Your toddler can feed off your energy and even reciprocate what you’re feeling – causing further frustration for both of you.
Try not to snap at them at the moment or show how stressed or anxious you are.
But what is the answer?
Think about or do something that can help you stay calm.
For some people it may be counting to 10, uttering a positive statement, or thinking about a happy memory.
Whatever it is, use it to keep you calm until you can move to a place (alone) and scream into a pillow.
5. Use Flexible “No’s”
Does your toddler always hear a “no” for almost every response?
If this is the case, it might be an issue.
When your child keeps hearing a monotonous “no” again and again, they will start to expect it and could continue their deviant behavior – resulting in the very same actions you don’t want.
So always saying “no”, might be counterintuitive in this case.
Sometimes, we can turn our “no’s” into another suitable option. This could mean an alternative choice that can satisfy both child and parent.
Instead of a “no” when your toddler wants to play with playdough on the floor, you can turn it into a “yes”, but we play outside in the backyard instead.
This way your toddler can enjoy their playtime in peace, and you won’t have to worry about your gorgeous wooden floors being destroyed.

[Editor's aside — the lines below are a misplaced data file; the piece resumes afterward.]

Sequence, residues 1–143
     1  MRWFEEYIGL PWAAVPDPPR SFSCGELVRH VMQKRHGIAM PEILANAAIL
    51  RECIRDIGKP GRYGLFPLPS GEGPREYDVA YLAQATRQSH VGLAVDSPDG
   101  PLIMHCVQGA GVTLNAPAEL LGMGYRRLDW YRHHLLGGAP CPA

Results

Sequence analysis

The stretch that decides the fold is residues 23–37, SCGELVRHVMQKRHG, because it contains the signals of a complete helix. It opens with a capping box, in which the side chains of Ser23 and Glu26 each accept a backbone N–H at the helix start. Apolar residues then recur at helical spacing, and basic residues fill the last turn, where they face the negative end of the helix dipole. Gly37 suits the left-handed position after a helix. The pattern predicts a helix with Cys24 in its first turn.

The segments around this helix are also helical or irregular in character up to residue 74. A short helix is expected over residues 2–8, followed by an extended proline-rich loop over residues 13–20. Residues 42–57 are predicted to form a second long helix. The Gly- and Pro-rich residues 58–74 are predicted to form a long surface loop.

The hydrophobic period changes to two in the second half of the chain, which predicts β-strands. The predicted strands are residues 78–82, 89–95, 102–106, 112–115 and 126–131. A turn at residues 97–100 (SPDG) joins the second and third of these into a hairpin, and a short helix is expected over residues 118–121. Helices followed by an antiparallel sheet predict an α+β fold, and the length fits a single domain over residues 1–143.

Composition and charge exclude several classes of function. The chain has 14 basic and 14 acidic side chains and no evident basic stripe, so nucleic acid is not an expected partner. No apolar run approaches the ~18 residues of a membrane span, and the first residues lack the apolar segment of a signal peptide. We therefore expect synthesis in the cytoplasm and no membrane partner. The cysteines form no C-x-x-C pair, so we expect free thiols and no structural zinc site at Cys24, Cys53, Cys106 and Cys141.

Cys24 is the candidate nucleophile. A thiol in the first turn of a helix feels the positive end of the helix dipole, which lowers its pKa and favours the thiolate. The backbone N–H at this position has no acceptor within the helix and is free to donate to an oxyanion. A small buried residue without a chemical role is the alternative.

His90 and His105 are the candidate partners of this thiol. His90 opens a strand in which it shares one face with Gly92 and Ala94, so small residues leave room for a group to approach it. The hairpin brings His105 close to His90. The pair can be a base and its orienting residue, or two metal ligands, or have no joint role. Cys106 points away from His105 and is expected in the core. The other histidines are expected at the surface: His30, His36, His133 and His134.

6. Enable Consequences
Sometimes it may seem harsh to enforce consequences, but they can work wonders for the development of your toddler.
In removing certain pleasures or enforcing certain rules, they will understand that there will be consequences to certain behaviors.
A removal of pleasures may involve taking a toy, a short time out, or no TV time. Your child will understand that once they engage in certain behavior, a negative consequence results from it.
Parents can use simple techniques like these with toddlers, so they can develop an understanding of action and reaction.
So in the toddler’s mind, they will realize that when I do A, this happens, so I will refrain from doing A.
That’s a Wrap!
Toddlers are expressive little persons who want to explore the world around them and find new adventures. On their journey, moms and dads will be the navigators, guiding their little steps to safety.
While they may put up a fight, incorporating helpful rules necessary for their growth and development is a must.
It may not always make them happy, but they will understand through love and care that we have their best interest at heart. These no-nonsense tips aren’t exactly rigid and are just simple ways to help your toddler to learn behaviors he will need later in life.
I hope these tips will help you with your tiny tot and that you can find a balance when things get a bit ‘topsy-turvey’.